Over the past couple of years, the U.S. has seen its fair share of social movements. To make a list would easily exceed my 800 word limit for this post. But if you’ve read or listened to the news, then you’re likely familiar with several of them.
One of the interesting aspects of these movements is how quickly they generate support (and opposition). They dominate headlines and hashtags, are on the tip of every celebrity’s tongue, and they demand a response from elected officials. Many now view social movements as the best way to effect change—labor law and employment issues are no exception.
Recently, my colleague wrote about emerging and newly established legislation that sought to combat the gender wage gap. These laws were all established at the local or state level in places that have a progressive reputation–think California, Oregon, Massachusetts, New York. There’s no doubt that grass root efforts helped bring these early laws about; however, now a much larger movement seems poised to strengthen equal pay protections across the country.
Equal Pay: Challenge and Solutions
The first and primary challenge for any movement is to convince enough people that there is, in fact, a problem. In today’s era of “fake news” and “alternative facts”, this has become exceedingly difficult. However, there is still something to be said for thorough research, and one figure that can drive an equal pay movement is compelling: a typical, or median, woman working is paid 83 cents for every dollar a typical man is paid (Economic Policy Institute, 2017).
Some estimates of this figure vary slightly, but an actual gap is undeniable. So if the gender pay gap is 17 cents on the dollar, then how can a social movement change that? The answer has been twofold:
1) Seek pay transparency from employers,
2) Restrict an employer’s access to salary history.
Equal Pay: Legislative Approaches
The value in addressing pay inequality with multiple approaches has not been lost on policymakers. Beginning in 2015 with California, jurisdictions began amending existing equal pay laws to address pay transparency, salary history, criminal history, and other barriers to equal pay and opportunity.
The objective of pay transparency is to give all employees a clear idea of salary ranges so that they can better negotiate compensation. At a minimum, current laws seek to protect the employee right to discuss salaries and pay rates. The ultimate form of pay transparency (for proponents) would be specific pay levels tied to a position/education/years of experience–similar to the GS structure used by the federal government.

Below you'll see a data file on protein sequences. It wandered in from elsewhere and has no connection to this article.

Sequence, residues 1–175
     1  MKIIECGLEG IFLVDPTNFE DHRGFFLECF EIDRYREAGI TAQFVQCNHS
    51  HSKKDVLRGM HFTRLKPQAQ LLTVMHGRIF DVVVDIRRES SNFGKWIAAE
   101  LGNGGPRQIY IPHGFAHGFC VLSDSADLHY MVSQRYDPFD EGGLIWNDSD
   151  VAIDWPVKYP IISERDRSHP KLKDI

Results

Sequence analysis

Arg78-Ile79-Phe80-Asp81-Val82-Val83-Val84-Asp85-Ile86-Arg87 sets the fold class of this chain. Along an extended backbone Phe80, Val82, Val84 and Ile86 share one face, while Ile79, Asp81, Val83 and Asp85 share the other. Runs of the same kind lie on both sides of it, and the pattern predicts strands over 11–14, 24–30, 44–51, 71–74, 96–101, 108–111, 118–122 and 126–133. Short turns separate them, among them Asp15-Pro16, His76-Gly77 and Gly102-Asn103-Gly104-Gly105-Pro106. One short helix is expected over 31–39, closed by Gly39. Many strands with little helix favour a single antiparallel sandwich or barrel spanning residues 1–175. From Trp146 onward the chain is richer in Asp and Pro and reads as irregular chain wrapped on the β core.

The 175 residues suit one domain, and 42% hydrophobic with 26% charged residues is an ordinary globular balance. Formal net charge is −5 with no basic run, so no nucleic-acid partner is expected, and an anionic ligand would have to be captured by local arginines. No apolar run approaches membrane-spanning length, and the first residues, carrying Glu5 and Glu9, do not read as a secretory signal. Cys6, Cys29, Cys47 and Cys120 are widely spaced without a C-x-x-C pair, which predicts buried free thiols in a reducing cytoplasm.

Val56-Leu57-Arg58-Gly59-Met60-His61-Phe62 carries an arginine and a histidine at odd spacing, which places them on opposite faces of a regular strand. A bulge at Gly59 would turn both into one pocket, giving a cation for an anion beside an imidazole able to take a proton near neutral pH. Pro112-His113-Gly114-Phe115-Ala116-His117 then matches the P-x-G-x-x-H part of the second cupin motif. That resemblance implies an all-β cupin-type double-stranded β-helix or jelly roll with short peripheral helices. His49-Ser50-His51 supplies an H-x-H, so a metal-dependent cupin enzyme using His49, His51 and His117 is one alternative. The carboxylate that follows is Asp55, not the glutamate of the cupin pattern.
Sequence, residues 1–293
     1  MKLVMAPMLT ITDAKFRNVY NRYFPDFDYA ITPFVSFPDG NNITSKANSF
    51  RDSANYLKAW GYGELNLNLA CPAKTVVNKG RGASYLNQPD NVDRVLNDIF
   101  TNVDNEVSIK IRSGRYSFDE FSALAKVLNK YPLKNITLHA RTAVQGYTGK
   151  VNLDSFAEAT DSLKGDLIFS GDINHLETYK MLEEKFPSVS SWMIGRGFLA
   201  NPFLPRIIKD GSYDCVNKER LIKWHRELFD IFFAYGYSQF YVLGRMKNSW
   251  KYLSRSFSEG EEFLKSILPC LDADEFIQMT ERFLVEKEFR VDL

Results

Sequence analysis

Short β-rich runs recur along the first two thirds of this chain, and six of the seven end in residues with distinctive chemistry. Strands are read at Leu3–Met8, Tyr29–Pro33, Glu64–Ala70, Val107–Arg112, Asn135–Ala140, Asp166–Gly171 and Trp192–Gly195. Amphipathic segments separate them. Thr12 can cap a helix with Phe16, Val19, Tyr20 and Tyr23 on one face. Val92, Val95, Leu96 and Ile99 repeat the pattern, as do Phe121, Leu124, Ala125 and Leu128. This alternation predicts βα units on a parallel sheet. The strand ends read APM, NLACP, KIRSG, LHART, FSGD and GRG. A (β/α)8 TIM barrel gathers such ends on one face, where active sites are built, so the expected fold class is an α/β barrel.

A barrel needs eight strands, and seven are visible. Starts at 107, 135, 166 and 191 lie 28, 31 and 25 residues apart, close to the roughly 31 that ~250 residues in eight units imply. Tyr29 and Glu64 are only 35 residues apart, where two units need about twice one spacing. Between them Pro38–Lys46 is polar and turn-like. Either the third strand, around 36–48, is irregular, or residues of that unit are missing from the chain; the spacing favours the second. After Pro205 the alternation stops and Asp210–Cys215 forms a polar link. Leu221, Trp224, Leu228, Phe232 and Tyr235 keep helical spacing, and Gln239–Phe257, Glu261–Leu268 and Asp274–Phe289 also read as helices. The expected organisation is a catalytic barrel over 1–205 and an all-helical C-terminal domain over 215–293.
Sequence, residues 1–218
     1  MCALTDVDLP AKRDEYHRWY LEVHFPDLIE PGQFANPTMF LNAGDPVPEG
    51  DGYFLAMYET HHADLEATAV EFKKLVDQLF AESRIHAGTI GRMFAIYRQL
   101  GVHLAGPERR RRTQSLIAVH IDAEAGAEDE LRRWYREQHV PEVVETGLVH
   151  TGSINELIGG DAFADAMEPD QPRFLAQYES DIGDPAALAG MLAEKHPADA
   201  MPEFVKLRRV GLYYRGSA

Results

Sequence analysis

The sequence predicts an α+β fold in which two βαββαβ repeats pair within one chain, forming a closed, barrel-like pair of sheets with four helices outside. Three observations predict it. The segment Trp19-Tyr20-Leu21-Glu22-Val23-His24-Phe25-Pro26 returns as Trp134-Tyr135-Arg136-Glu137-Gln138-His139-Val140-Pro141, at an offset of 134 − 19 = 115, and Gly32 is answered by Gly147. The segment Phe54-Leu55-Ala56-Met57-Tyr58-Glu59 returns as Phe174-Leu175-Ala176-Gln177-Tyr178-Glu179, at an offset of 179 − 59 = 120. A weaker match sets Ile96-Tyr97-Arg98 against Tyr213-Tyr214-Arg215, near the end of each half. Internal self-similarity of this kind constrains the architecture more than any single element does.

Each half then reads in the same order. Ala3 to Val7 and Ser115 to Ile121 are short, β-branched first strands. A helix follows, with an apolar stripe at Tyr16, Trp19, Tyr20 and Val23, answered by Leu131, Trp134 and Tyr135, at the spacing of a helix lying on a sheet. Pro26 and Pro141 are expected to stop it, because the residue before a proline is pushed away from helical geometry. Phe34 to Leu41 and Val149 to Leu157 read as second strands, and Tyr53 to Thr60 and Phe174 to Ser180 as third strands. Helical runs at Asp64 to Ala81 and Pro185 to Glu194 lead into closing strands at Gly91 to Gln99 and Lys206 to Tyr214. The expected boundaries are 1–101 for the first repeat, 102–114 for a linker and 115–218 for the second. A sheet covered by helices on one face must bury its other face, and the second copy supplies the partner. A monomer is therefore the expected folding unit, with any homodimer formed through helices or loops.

As of this writing, 15 states and the District of Columbia have pay transparency protections as part of Equal Pay Laws. It’s also important to note that all government employees and employees of government contractors receive pay transparency protections through the National Labor Relations Act (NLRA §7) and, more specifically, through E.O. 13665 . However, there are currently no laws at any level that include an affirmative obligation for private employers or federal contractors to make salaries public.
Laws that prohibit an employer from seeking a job candidate’s salary history help to ensure that one instance of pay inequality does not forever penalize an individual. While laws of this nature do not directly address current wage disparities, they do act as a sort of “reset” for job candidates so that future employers must use other factors as a starting point for salary negotiations.
As of this writing, there are 9 jurisdictions (only 4 states) with legislation that bans employers from seeking a candidate’s salary history. These bans vary as to whether they apply to the public, private, or all employers. Some jurisdictions have not yet enacted these bans or will not enforce them for some time, and some will not provide employees with the right to file an action in court for several years to come. However, employers in these jurisdictions are already making adjustments to processes and applications to avoid future liability.
Equal Pay: Employer Considerations
While employers likely see legislative movement on equal pay as slow, they would be wise to keep a closer eye on the social movements that surround them. The issues driving pay transparency and salary history remain prominent in the media and in the minds of voters. With several states and jurisdictions having already put a stake in the ground, legislators will be under increased pressure to follow suit and strengthen their respective equal pay laws.
Legal requirements aside, employers may also have another reason to make changes to salary structure and employment policies. Finding and hiring great talent is not getting easier. In this tight labor market, proactive employers stand to gain a competitive advantage in hiring by implementing (and marketing) employment policies that embrace pay transparency and genuinely seek to close the gender pay gap.
So whether it’s the legislature or the labor market that drives equal pay, it will ultimately depend on enough people–job seekers, candidates, and employees–insisting on fairness and the policies and protections to ensure it. Once this happens, employers that have had trouble making the right moral decision, will have an easy business decision to make.